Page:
When it comes to hand-washing, not all hospital workers are created equal
When a relative of mine was in the hospital recently, I was amazed by how many people came in and out of her room -- and appalled by how few of them washed their hands on their way in and out.
Turns out I'm not the only one who's been thinking about hospital hygiene.
French researchers were sufficiently concerned about this that they created a model of an intensive care unit with 18 patients and three kinds of healthcare workers. The first type spent a lot of time with just a handful of patients, like nurses. The second type saw more patients but spent less time with each of them, like doctors. The third type, which the researchers dubbed "peripatetic" workers, interacted with every patient each day, like therapists. Then they assumed one of the patients was sick with methicillin-resistant Staphylococcus aureus -- better known as MRSA -- and measured how fast it spread when various types of workers failed to wash their hands.
It wasn't good when any of the healthcare workers skipped the soap, but it was definitely worse when the peripatetic workers failed to wash their hands, the researchers found. If a single peripatetic worker flunked the hygiene test, the spread of disease was three times worse than if a nurse or doctor did. In fact, they calculated that if just one peripatetic worker refused to wash his or her hands, the effect was the same as if ALL healthcare workers washed their hands only 77% of the time, they wrote in a study published online today in Proceedings of the National Academy of Sciences.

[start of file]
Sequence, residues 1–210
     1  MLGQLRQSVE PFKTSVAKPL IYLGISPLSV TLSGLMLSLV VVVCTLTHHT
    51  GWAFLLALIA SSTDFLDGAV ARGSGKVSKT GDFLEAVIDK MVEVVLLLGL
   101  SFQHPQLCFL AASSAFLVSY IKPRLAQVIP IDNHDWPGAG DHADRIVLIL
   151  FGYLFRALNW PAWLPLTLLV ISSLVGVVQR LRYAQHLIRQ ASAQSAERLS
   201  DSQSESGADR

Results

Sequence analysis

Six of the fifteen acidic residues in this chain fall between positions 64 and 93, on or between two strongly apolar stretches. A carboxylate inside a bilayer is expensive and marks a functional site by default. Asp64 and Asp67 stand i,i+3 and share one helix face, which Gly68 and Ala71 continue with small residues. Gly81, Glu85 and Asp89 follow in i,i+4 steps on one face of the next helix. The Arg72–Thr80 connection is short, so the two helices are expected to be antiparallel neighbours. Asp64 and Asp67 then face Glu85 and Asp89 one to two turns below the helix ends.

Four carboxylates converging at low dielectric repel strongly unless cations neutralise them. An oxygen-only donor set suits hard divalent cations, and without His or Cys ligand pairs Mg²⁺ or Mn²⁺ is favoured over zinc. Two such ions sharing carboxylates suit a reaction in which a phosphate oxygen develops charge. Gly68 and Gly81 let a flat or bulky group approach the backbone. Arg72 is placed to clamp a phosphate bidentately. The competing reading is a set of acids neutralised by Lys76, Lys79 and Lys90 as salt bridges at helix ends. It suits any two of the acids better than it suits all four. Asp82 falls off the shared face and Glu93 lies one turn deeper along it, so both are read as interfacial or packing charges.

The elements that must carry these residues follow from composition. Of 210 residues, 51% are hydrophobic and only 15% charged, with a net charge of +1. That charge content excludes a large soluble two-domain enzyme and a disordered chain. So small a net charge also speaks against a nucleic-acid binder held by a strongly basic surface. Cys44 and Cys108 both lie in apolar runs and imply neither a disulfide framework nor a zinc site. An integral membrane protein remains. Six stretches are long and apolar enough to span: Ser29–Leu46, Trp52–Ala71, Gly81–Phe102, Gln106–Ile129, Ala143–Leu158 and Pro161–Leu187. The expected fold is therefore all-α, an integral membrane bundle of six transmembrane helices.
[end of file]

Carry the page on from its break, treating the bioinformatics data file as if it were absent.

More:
The degree to which an infectious disease spread through this hypothetical ICU depended on the virulence of the pathogen and on how easily it can spread from person to person. But no matter what values they used, the peripatetic workers were always the most dangerous. In an ideal world, all healthcare workers would wash their hands all the time. But in the real world, it makes the most sense for hospitals to focus on getting the peripatetic workers to comply with common-sense hygiene measures, the researchers concluded.
-- Karen Kaplan
Photo: Sometimes, hospital rooms may only look clean -- especially if healthcare workers fail to wash their hands.
Credit: Canterbury District Health Board (New Zealand) via Bloomberg